New Indian joint in WeFo

4 Comments
amrutha3
Amrutha Authentic Indian Cuisine, 552 Barkly Street,West Footscray. Phone: 9913 3794

Team Consider The Sauce tonight numbers four for the purposes of checking out the newest addition to West Footscray’s line-up of Indian restaurants.

As the restaurant was being put together behind papered windows, two of us had wondered if the new place would specialise in some way to provide it a point of difference from its many competitors.

The answer is – no.

Amrutha’s menu is long a covers all the expected bases.

Go to the joint’s website here for a looking at the full list, including prices.

 

amrutha2

 

The place has scrubbed up a treat – quite a lot of money has been spent.

And the main room is a good deal larger than we were expecting to be the case given the hair salon it replaces.

The furniture and fittings are pure Franco Cozzo.

We admire with interest the breakfast list, which includes all your dosas and a lot more.

But we go a la carte from the body of the menu.

Among our choices are a couple of Indo-Chinese selections …

 

amrutha5

 

Gobi manchurian ($7.99) and …

 

amrutha4

 

… chicken 65 ($8.99) are enjoyable but wet where we have been expecting dry.

 

amrutha6

 

My eyes invariably light up whenever I see a menu that features eggplant, so eggplant curry ($10.99) has been ordered at my instigation.

Again, our expectations come into play – maybe unfairly.

The menu does mention a “rich cashew nut and special sauce”, but this seems to me more of an unbearably creamy spread with eggplant flavour.

It’s something I’d be happy spreading on toast.

But otherwise?

Nah.

 

amrutha7

 

Moving right along, we start to get into things more hearty and flavoursome of the kind we have been seeking.

Lamb Madras ($11.99) is very nice, its rich gravy hiding lots of fine meat chunks.

 

amrutha8

 

Chicken chettinad ($12.99) is likewise very good, with its gravy of “yogurt sauce with crushed black peppercorn, herbs and spices”.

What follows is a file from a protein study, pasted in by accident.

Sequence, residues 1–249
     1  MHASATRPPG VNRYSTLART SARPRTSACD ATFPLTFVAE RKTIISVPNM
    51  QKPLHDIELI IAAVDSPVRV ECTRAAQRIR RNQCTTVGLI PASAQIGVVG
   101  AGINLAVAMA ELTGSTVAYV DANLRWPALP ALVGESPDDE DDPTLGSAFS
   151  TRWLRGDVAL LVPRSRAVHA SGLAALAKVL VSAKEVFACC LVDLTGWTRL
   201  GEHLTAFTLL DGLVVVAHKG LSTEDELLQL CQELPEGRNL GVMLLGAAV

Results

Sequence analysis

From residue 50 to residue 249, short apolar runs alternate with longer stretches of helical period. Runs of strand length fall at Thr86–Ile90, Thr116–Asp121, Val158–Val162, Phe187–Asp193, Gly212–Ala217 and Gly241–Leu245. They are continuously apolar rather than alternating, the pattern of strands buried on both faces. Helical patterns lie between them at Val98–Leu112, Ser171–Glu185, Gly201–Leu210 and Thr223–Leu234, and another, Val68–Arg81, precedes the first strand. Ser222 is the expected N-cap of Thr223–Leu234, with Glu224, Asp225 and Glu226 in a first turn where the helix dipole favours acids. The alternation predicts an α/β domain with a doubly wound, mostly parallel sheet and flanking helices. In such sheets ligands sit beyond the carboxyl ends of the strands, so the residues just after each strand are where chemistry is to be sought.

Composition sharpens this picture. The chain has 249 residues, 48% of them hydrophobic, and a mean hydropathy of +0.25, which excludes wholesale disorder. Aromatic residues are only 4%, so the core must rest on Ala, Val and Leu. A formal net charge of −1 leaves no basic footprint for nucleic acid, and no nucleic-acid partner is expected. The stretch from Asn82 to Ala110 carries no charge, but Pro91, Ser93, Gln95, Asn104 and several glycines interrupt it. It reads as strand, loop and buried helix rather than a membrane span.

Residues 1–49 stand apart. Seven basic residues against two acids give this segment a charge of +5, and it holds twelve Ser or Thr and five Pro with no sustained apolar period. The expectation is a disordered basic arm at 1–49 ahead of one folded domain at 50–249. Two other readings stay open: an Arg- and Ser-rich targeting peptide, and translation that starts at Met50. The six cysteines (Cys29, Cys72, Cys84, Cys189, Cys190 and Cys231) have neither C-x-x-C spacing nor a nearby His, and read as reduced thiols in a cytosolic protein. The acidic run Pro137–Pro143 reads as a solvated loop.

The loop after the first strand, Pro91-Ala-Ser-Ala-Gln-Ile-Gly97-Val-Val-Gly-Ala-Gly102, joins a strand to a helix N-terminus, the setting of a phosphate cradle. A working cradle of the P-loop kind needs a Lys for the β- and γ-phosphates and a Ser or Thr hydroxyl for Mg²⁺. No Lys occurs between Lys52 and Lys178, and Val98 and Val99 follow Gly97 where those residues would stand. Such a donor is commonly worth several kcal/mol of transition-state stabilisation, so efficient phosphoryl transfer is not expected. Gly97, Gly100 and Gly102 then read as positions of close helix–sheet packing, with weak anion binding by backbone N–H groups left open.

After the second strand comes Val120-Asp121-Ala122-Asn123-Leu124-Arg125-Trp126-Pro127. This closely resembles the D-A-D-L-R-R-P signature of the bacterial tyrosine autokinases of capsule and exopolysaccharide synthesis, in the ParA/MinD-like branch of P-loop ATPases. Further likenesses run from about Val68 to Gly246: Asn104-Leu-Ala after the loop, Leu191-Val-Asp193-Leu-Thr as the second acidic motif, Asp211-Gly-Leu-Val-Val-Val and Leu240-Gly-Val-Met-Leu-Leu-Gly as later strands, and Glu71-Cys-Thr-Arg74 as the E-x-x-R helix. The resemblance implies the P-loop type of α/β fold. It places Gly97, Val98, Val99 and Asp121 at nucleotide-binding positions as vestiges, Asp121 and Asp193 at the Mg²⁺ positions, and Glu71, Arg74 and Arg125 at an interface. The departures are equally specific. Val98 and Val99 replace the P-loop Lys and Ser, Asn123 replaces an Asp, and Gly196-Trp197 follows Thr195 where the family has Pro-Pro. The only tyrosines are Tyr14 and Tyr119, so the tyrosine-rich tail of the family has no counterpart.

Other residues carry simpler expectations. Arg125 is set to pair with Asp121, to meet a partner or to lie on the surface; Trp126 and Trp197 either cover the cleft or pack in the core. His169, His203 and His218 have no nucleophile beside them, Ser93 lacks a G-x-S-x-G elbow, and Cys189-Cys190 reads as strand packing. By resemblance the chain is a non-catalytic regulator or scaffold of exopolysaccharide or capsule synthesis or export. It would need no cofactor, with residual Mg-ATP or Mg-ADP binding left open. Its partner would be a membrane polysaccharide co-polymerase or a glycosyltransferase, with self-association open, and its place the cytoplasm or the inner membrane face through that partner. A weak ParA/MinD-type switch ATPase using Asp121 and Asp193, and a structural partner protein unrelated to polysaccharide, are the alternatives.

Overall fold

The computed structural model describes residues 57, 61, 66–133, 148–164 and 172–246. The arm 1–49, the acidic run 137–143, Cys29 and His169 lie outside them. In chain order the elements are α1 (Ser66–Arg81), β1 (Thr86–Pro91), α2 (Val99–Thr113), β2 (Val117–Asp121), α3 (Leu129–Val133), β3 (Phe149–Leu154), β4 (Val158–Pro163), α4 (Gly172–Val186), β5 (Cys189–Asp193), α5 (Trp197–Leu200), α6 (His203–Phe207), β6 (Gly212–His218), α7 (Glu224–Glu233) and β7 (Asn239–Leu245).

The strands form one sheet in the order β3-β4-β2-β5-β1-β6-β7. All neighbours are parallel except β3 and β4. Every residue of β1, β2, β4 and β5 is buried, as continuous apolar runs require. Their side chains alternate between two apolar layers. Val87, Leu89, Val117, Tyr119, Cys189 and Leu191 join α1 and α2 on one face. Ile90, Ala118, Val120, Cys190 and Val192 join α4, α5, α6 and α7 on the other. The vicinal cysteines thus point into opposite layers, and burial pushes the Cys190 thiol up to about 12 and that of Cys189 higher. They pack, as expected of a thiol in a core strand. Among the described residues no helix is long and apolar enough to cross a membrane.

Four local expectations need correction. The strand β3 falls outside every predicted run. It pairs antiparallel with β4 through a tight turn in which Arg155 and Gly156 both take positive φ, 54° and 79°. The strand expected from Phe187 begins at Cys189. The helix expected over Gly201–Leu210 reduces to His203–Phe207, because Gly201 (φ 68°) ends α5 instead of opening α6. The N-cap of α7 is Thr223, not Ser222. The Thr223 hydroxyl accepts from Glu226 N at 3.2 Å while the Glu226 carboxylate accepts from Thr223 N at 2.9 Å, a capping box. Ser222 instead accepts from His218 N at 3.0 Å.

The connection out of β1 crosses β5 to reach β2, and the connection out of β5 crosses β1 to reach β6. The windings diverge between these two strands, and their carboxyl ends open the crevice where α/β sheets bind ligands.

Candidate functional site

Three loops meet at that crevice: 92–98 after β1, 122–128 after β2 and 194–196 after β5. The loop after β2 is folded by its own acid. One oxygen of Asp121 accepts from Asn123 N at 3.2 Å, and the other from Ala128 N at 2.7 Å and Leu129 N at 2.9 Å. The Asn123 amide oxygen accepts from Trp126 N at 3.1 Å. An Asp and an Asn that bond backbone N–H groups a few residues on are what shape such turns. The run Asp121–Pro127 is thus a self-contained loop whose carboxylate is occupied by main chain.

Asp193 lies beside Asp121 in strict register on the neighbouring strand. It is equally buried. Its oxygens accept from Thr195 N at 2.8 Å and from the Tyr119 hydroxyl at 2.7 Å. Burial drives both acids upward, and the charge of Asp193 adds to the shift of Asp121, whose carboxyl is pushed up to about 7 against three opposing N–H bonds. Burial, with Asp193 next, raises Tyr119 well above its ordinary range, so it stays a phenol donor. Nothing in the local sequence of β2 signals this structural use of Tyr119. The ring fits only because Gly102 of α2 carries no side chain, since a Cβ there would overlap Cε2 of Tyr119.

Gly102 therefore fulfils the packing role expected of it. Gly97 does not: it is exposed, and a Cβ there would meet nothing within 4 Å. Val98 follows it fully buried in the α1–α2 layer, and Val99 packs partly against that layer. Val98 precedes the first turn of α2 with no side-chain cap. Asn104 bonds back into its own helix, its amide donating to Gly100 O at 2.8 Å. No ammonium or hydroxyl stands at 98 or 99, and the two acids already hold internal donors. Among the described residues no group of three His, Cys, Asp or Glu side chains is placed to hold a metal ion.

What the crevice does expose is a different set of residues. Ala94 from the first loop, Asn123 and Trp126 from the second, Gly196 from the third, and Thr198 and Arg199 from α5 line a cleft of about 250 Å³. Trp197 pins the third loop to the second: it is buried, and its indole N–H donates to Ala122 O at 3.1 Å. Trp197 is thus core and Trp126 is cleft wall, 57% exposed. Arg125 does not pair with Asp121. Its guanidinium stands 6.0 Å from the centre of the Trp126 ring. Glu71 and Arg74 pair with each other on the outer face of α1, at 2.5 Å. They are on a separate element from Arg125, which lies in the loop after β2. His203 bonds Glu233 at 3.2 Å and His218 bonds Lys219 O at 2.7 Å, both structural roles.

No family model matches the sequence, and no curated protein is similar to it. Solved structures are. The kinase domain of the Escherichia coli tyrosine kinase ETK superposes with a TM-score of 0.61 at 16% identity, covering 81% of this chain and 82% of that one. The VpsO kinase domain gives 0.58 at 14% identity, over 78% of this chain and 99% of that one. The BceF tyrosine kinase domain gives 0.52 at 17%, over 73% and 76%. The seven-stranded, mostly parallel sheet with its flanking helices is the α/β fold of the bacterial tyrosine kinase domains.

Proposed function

amrutha9

 

Palak paneer ($9.99) is a doozy, its silky cheese pieces swimming in a wonderfully almost-smoky gravy.

Another high point for us are the $1.99 naan that avoid photographic scrutiny – sorry!

These are super, and appear to have been made – as one of my tablemates points out –  using “wholemeal flour with all the bran removed”.

The result is like a cross between a regular naan and a roti.

We’ve enjoyed our meal but are left wondering about the wisdom of our choosing, what sort of wonders Amrutha has hiding in its menu – and whether the more snacky or one-person dishes may be the go here.

So I sneak back a few nights later for an early dinner by myself – biryani.

 

amrutha11

 

My default choice of chicken is unavailable, so I’m happy to go with the lamb ($11.99).

Even though the lamb almost always used in biryanis – you’ll see it in the markets labelled as “lamb curry” – is often more bone than meat.

No such problem here – the plentiful meat comes easily from the bones and is flavoursome and surprisingly tender.

The rice is somewhat darker than usual, and the fried onions are more than a garnish here – there’s lots of them and they’re fully integrated into the rice.

The biryani picture is completed by a fine gravy that is salty and peanutty and a raita chunky with cubed carrot.

My biryani is very good and fully up there with those available elsewhere in Footscray.

Maybe for me next time the chole bhature ($11.99).

Or perhaps the puri ($8.99), which – according to the in-house printed menu – are served thali-style with a handful of small accompanying bowls of goodness.

 

Amrutha on Urbanspoon

 

amrutha10

amrutha1

Nuevo flavours hit spot

9 Comments
nuevo13
Nuevo Latino, 553 Barkly Street, West Footscray. Phone: 0419 589 739

The aroma of new paint tells us Nuevo Latino – in the premises that previously housed the West Footscray video shop – is a fresh enterprise.